Heroin or crack cocaine are considered very pleasurable. Even so, it's estimated only 15% of hard drug users experience addiction issues (5% of alcohol users). Hedonic treadmills simply are not enough to explain behaviour. Consider the results of Rat Park, that seem to show compulsive and impulsive behaviour is linked to lack of social connections and boredom.

It is unfashionable now to talk about wisdom, but it's exactly the right term for looking at the quality of our decision making, and in Philosophical framework for avoiding short-term strategies I make the case wisdom is the skill of solving dilemmas, in relation to the integrated centre of our concerns, in this answer: Wisdom and John Vervaeke's awakening from the meaning crises? Addiction, compulsion, coercion by our desires and shirt term aims, are problems exactly because they conflict with other values or timeframes of aims. We can work on personal development, including through philosophy, to make better decisions, in relation to increased self-knowledge.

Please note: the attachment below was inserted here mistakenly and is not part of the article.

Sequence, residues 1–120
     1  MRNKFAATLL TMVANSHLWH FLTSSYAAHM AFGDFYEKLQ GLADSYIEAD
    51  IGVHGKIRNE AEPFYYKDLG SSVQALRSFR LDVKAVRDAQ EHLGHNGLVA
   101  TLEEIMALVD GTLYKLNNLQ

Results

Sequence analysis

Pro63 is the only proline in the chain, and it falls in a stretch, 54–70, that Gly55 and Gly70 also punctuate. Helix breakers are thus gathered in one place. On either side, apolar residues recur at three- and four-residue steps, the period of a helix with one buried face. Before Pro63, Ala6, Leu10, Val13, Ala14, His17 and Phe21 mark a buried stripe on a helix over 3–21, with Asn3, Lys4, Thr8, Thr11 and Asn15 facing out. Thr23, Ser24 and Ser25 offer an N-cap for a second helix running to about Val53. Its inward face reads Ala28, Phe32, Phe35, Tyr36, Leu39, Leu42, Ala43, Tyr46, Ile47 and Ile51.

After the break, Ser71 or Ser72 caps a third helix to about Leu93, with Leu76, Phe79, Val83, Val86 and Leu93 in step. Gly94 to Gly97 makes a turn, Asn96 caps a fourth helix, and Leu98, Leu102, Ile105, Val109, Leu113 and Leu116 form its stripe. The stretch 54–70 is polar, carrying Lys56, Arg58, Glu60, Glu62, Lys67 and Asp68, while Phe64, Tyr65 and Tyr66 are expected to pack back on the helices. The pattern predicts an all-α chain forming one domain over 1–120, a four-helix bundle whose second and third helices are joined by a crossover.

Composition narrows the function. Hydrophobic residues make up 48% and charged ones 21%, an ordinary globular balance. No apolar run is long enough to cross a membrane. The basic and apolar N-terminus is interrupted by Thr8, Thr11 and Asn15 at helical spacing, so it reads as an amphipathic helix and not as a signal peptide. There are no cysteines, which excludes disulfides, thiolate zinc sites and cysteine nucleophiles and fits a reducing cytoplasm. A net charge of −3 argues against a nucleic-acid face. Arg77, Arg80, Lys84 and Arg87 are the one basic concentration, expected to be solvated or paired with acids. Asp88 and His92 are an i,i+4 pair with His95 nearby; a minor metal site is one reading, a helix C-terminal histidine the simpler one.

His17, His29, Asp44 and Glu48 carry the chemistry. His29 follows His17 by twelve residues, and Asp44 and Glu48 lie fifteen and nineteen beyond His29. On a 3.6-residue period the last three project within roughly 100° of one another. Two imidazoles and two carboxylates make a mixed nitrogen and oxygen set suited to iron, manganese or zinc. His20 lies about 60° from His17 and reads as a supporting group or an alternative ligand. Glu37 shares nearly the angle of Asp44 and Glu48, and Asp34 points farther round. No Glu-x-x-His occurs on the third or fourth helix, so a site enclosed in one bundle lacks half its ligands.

Food and sex are absolute requirements for the persistence and replication of the medium for memes and meme-complexes, human minds and culture. As Hume observed we don't reason to our core values, we reason from them (including managing conflicts); we can't get a sense of what we Ought purely from what Is. I would argue that Moral Foundations theory is helping give a picture of the necessary values for us to cooperate, with a slightly different set for people who feel more under threat (linked to prioritising the Purity and In-group foundations associated with more right-wing politics). We receive impulses towards these values, towards feeling they are rewarding, as part of our evolved social natures. Another way to think about this is Christakis' 'Social Suite'.